We had plans for the Bank Holiday weekend. The first thing on the agenda was finishing the mini polytunnel. That went out the window when we realised we didn’t have enough netting, and we would have to order some. It’s on its way, together with some ironmongery to make a door.


Extra strip
The Strip, as it was when we moved in

So with that off the table, we thought we’d make some progress in the extra strip of garden. It’s behind the back garden (which is technically to the side of the house), fenced off and accessible only from the road. The first year we got here, we left it to its own devices. It had been planted with low-maintenance shrubs, which we removed at the beginning of 2016. We installed 4 cheap, recycled raised beds, and planted potatoes and oca.


Raised beds in the Sunset Strip

Last year I did the same, but by then I had a new plan – I was going to use the strip to grow some of the shrubby perennials I have been keeping in pots. They needed a permanent home, and that was where it was going to be. We had some timber left over from making the raised beds in the back garden, and were going to use it to make a raised bed for the rhubarb.

A few months ago we also bought a cheap trellis, to fasten onto the fence so I could grow hops (which I grew from seed) for hop shoots.


Hops and trellis

We’ve never got on top of the weeds in the strip, so we worked to clear a section next to the fence, and then Ryan installed the trellis and I planted out the hops. Ryan put together the raised bed, and we started to dig out one of the compost heaps to fill it.

And uncovered two quite agitated bumble bees, which (I assume) were trying to nest in the compost. In the end, hot and cranky and chased by bees we retreated to the house.

We went out later to plant the rhubarb, and as soon as we started shovelling compost again, the bees returned. Still angry. We gave up.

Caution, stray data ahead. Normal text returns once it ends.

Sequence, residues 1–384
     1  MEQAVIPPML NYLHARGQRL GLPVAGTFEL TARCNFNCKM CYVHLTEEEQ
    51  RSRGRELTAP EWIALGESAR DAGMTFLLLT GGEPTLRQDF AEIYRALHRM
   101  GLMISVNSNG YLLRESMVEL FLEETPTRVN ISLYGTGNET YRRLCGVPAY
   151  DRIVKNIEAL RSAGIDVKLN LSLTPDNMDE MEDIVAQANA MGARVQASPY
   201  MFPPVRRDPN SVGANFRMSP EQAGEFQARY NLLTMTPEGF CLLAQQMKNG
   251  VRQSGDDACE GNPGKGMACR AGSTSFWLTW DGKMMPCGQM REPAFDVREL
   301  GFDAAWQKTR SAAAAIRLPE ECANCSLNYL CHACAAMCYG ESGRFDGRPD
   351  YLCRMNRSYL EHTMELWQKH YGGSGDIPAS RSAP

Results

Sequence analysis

Bank Holiday Weekend: Raised bed for the rhubarb

At this point I lost my temper a little bit and had a rant about how much I hate the Strip garden. It has a little picket fence (like the front garden), which means when I garden out there I’m in full view of passersby, which I don’t like. It’s one reason I was never very good at keeping an allotment; I prefer to garden in private. And the fact that you have to leave the house and walk down the road to get to it is a bit of a pain, as you have to keep walking back to the main garden for tools/water/plants etc. It’s just not conducive to nipping out there for a few minutes. The soil there is pretty rubbish, the garage block creates a rain shadow, and the main garden fence creates some serious shade issues (although, whenever I’m gardening out there, the sun seems to shine right in my face!).

Having listened to me say all this, Ryan came up with a new plan. The idea is to replace the fence at the front of the main garden (which is ageing), and to extend it around the Strip, so that we end up with a larger back garden. Rather than attempt to use it for gardening, Ryan wants to put a large shed/workshop there, to give us more storage space and him more working space. This would involve getting rid of my lovely lavender shed (boo hoo!), so that we could access the new shed. Ryan would then vacate his original shed (and repaint it lavender!) for me to move in to the other side of the garden.

Although I will lose some gardening space, we would be able to turn the paving my shed currently sits on into a nice seating/dining area, with a shade, which is something we currently lack.

There are one or two hurdles to overcome (not least of which is the street sign currently in the way of the new fence), so we’re not sure of the timeline.


Front garden

In the meantime, I’m thinking of upgrading the front garden with some low-level raised beds (the soil there is not much better) and turning it into a fruit garden. At the very least, it would give me somewhere to plant the rhubarb. And there’s another bank holiday weekend later this month….

Pin It on Pinterest